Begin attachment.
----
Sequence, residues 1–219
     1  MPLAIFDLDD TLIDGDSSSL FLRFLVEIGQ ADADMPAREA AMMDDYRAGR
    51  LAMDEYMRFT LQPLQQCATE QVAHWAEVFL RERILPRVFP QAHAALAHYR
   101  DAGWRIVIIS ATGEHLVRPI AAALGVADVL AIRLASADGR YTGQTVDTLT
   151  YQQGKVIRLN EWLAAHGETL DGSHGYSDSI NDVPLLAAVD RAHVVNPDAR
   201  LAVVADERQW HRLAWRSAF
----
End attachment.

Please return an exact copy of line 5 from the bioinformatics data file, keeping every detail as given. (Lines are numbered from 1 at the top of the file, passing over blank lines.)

   151  YQQGKVIRLN EWLAAHGETL DGSHGYSDSI NDVPLLAAVD RAHVVNPDAR